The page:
Due diligence normally refers to an investigation into a business or an individual before formally entering into a business contract. It is the systematic verification of the accuracy of a statement. It also refers to the care an individual should take before entering into a contract or agreement. Once an individual or business offers to purchase an asset from another company or individual, it enters into due diligence analysis.
The final decision of formalizing the contract largely depends on the outcome of due diligence. This may involve inspecting the financial records, past credit worthiness, past record of honoring contracts and anything else that is deemed relevant in the transaction. Due diligence is aimed to avoid unnecessary harm, hassles and dispute between the two parties involved post formalizing the contract. It enables all the stakeholders involved in the transaction to have the required information to assess the risk involved accurately. Given the sensitive and delicate nature of such analysis, normally it is done by a neutral unbiased trusted third party, acting on behalf of all the stakeholders.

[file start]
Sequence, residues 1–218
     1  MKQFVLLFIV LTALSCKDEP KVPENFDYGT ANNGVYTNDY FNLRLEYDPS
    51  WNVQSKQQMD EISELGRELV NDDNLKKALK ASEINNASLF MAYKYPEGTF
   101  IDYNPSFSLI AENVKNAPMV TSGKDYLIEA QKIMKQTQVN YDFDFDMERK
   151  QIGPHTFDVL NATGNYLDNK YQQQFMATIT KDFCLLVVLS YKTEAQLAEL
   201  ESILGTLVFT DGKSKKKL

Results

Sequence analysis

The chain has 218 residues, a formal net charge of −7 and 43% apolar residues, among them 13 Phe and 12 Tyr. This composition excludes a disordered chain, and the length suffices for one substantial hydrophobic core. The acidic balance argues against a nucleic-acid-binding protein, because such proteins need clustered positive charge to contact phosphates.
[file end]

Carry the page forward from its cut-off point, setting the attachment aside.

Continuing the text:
Due diligence report can also be used as a legal defense by a party charged with allegations of financial scandal and the defendant may be found not guilty if he or she can prove that adequate due diligence was exercised and precautions were taken against any falsified financial transactions. It may be expensive to conduct a due diligence analysis but if that is not done you may end up purchasing an asset that is not what you wanted it to be or may end up in a business relationship that may cause you problems in future.